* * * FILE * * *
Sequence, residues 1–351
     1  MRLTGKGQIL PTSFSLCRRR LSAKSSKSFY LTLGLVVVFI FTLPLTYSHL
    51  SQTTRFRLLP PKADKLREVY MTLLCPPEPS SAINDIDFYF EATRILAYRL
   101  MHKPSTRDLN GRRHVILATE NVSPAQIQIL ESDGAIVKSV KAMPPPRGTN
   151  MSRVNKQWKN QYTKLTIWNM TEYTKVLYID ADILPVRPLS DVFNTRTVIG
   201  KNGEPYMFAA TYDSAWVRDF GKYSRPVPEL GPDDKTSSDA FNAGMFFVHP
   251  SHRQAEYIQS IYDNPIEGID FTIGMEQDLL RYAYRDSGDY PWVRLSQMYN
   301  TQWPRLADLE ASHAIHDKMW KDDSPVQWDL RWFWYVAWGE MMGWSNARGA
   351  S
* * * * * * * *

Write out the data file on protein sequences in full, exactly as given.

Sequence, residues 1–351
     1  MRLTGKGQIL PTSFSLCRRR LSAKSSKSFY LTLGLVVVFI FTLPLTYSHL
    51  SQTTRFRLLP PKADKLREVY MTLLCPPEPS SAINDIDFYF EATRILAYRL
   101  MHKPSTRDLN GRRHVILATE NVSPAQIQIL ESDGAIVKSV KAMPPPRGTN
   151  MSRVNKQWKN QYTKLTIWNM TEYTKVLYID ADILPVRPLS DVFNTRTVIG
   201  KNGEPYMFAA TYDSAWVRDF GKYSRPVPEL GPDDKTSSDA FNAGMFFVHP
   251  SHRQAEYIQS IYDNPIEGID FTIGMEQDLL RYAYRDSGDY PWVRLSQMYN
   301  TQWPRLADLE ASHAIHDKMW KDDSPVQWDL RWFWYVAWGE MMGWSNARGA
   351  S